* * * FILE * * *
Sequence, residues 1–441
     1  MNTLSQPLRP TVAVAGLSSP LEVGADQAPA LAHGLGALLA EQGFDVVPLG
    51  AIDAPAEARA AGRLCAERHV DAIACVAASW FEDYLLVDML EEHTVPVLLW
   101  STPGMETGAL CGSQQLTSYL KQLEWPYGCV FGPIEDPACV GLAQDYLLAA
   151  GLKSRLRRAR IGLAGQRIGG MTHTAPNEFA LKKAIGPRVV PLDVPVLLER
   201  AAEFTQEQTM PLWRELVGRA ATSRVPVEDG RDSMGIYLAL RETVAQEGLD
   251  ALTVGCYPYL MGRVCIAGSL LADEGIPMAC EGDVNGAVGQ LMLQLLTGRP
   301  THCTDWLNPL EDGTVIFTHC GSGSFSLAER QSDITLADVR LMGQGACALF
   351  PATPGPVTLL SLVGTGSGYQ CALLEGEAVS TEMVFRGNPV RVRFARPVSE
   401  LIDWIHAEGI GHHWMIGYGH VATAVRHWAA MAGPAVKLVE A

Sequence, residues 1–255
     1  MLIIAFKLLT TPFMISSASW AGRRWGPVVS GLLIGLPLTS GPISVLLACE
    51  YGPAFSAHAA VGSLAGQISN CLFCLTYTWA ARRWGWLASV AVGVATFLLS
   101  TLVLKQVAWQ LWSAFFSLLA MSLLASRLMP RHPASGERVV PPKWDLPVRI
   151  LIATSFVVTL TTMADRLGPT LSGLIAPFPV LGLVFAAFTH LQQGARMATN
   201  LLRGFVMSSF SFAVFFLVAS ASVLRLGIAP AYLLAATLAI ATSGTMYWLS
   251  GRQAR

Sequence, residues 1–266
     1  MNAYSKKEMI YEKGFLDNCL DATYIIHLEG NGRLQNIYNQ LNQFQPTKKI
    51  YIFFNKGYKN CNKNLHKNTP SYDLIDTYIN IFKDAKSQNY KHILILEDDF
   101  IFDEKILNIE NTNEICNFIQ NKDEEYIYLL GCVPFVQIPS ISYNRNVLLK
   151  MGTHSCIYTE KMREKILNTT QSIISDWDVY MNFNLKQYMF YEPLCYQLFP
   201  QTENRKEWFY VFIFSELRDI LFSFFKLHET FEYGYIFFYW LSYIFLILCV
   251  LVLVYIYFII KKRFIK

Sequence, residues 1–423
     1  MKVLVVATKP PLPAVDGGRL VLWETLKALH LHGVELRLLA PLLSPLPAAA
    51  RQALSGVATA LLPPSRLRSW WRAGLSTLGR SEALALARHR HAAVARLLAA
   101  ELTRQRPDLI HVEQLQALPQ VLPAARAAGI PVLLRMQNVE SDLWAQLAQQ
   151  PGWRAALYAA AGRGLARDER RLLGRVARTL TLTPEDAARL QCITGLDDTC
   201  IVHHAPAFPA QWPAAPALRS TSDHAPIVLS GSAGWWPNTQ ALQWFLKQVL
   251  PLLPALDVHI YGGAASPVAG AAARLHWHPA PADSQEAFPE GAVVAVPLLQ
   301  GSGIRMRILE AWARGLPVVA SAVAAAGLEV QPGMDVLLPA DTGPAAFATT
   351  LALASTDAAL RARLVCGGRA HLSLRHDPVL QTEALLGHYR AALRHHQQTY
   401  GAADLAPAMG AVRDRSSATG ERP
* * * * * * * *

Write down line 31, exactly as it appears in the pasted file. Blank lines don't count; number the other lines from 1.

   251  PLLPALDVHI YGGAASPVAG AAARLHWHPA PADSQEAFPE GAVVAVPLLQ